Levi pants. Socrates. One leg was lame.The young man rose.” I assured him that such an undertaking would be a worthy one but that I had a more immediate concern. He was pleased to know that his teachings were studied along with those of his own philosophical guru. and I will consider your qualifications. two thousand years into the future. amazed at my fluency in Latin. “I wasn’t disputing your taste in garments. “But why have you sought me out?” questioned Epictetus. indeed. too.” I responded. It was then that he spotted me and walked toward me. what have we here. steadying himself on a crutch. a Stoic philosopher. Epictetus admonished the rest of his disciples to retreat to quiet places and decide if they. looked at Epictetus for a regretful moment.” he replied regarding my Wolverine sweatshirt. not only in distance but also in time. “By Zeus. from a distant outpost. “Perhaps you wish to become one of us. “People in my time . Let us walk about the marketplace. “De gustibus non disputendem est. would be happier in quest of material goods rather than philosophical goods. I told him that I was. and Red Wing boots. a curiosity from some far outpost of the empire? What outlandish garments. then turned his back and walked away. I told him that our civilization beyond the western ocean was patterned on Greek culture and Roman law.” he commented. I remembered reading that it had been broken by his master when Epictetus was a slave.
Epictetus. but in our era. we are lucky in that regard. We are killing ourselves slowly with all these good foods. “Obesity is a national problem for us.” “How can that be a problem. I can see what you mean. We have more food than we could ever eat. bread and circuses. shopping for their daily needs.” “Stranger.live in affluence. if what you speak is true.” He limped on at a steady pace over the smooth cobblestones. but we try. I yearned for freedom. the populace has daily access to meat. everyday. Tell me something that we can do to reduce our problem. and fruits. Your appetites have become your masters. yes. your people are lean. Keeping pace.” I pointed out the various Romans scurrying around us. The only fat people among us are the very rich who delight in gorging themselves in continuous feasting. Epictetus. eggs. especially when it comes to food. fats. no matter how good a master I happened to have. probably from eating mostly grains. Here in Rome. your generation has been reduced to slavery. When I was a slave. “Why.” he said exaggerating his .” “Every excess provides its own vengeance. strange fellow? The problem would be not having enough to eat. “Look. please don’t tell us that we have it coming. and sugared treats of all descriptions. panem et circenses. which causes them to have poor health.” Epictetus surveyed me critically. We had everything we want. I continued. vegetables. even poor people have assistance from the state that they may buy plenty of fattening food. cheese.” he pronounced. Caesar provides the masses with what they want. “Oh.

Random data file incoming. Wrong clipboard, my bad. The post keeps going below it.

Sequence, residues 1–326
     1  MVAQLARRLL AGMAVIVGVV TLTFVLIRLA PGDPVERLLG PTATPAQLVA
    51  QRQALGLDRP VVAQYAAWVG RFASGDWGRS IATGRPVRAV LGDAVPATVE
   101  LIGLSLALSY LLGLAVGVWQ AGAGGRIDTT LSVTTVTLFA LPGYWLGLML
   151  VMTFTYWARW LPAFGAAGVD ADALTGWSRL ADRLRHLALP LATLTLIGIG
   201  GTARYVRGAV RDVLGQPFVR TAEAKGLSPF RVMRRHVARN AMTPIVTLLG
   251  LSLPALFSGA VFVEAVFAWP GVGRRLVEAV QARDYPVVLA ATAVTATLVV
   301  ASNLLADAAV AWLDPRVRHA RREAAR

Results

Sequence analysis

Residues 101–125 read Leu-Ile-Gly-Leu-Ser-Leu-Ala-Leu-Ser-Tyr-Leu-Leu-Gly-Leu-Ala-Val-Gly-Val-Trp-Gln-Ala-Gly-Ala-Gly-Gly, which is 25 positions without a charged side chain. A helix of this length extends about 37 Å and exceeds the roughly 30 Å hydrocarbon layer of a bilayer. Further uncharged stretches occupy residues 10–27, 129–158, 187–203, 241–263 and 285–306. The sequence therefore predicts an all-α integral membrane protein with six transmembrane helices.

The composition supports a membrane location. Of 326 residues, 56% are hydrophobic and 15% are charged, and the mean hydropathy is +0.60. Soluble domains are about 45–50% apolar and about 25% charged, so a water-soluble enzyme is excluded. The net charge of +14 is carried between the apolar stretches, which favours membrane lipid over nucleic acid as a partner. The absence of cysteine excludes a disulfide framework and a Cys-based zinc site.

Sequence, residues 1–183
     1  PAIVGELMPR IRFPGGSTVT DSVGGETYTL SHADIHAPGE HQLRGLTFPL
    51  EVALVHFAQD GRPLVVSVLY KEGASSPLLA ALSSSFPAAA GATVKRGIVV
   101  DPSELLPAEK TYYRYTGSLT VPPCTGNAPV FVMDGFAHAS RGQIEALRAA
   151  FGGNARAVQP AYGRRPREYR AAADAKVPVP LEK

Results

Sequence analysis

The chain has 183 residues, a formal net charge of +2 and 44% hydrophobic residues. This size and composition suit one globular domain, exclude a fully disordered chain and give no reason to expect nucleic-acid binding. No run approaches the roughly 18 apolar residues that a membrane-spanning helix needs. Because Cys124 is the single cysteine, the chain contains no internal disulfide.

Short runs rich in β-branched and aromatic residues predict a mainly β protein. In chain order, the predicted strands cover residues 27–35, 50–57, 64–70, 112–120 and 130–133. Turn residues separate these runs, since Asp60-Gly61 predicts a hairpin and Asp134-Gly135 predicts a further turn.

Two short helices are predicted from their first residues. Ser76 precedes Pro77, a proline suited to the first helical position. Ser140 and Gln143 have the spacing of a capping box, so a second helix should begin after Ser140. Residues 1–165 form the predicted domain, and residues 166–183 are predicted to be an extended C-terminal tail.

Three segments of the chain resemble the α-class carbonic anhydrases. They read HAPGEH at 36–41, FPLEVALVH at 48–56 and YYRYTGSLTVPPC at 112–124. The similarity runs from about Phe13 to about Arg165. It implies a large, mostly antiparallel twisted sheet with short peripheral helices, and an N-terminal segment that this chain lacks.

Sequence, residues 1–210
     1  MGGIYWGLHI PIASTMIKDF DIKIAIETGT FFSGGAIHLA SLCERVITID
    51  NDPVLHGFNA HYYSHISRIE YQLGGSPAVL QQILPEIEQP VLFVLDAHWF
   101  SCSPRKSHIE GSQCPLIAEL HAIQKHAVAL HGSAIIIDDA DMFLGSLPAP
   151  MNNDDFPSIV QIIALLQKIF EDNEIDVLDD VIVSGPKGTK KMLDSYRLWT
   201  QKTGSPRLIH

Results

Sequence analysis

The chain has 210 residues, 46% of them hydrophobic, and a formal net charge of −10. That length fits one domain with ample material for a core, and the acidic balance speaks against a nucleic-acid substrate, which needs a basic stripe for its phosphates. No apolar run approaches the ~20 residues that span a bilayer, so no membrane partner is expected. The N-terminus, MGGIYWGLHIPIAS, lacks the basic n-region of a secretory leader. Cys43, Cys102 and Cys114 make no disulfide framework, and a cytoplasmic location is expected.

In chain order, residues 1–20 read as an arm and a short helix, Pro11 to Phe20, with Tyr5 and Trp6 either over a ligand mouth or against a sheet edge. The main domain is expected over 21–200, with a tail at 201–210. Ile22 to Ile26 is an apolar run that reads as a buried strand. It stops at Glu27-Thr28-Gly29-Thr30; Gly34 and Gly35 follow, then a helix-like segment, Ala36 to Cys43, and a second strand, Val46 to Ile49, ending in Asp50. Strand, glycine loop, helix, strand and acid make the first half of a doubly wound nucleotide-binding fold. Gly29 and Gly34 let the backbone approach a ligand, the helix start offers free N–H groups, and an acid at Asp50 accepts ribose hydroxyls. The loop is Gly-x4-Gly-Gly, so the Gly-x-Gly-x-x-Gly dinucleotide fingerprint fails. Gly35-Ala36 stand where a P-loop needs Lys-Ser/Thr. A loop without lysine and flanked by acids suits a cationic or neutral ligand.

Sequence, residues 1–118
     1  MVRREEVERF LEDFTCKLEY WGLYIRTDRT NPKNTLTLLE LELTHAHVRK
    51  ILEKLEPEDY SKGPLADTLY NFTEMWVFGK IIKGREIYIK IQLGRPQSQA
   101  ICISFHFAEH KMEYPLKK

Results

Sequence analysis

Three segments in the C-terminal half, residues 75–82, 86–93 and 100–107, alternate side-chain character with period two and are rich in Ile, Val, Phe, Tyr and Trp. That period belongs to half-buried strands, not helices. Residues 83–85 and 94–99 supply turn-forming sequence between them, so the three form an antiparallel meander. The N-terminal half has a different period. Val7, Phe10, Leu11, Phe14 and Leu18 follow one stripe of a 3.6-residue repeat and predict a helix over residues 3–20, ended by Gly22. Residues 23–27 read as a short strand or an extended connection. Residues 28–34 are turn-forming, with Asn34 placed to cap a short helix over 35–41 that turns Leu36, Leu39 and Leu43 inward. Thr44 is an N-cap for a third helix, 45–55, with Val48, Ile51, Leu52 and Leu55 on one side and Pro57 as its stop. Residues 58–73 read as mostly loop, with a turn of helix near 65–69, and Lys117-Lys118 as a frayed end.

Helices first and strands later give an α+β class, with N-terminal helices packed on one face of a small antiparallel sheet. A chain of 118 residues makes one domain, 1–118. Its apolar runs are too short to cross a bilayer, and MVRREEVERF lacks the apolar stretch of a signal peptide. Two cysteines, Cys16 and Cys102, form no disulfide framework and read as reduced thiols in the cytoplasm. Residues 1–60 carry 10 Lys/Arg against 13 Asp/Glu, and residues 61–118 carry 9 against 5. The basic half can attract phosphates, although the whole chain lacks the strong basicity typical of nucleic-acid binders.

The Roman marketplace was gone.” I tried to suck in my pot belly as we walked briskly past heaps of dried fish.limp. then it was a good thing. they make a big fuss. “Your appetites are like spoiled children. Glancing around. I snapped out of my reverie to find Sammy nudging my hand. but rather of seeing new and wonderful things which God has given us to delight our senses. He was amused to discover that we would need such a gizmo to do what was the most natural thing in the world. On a nearby tree a raven sat cawing loudly. James Gonzales 1485 words . If they do not get what they want. Just then I felt my hand being tugged roughly. which counted my steps to encourage me to walk farther. Epictetus noticed. whose dead eyes looked at me like a jury judging my past. I showed him my pedometer. I found myself off to one side of the canal road. Walking is good for body and soul. Surely. While you are busy walking. Then sun was rising. but I prefer to be hungry rather than well fed and enslaved. Mystified. but figured that if the pedometer helped. As a freeman now. “Even though he gave me bread to eat everyday. I pass some days with an empty stomach. laughed. even for a man with a limp. pondering the words of Epictetus and surprised to find that my pedometer had already registered four thousand steps. and continued. we are more than a mouth attached to a stomach. you will not think of eating. Distract your clamorous appetites by doing what we are doing: walking. I still wanted to be free. I proceeded on my two-mile walk.” I told him that some of us were already following his advice.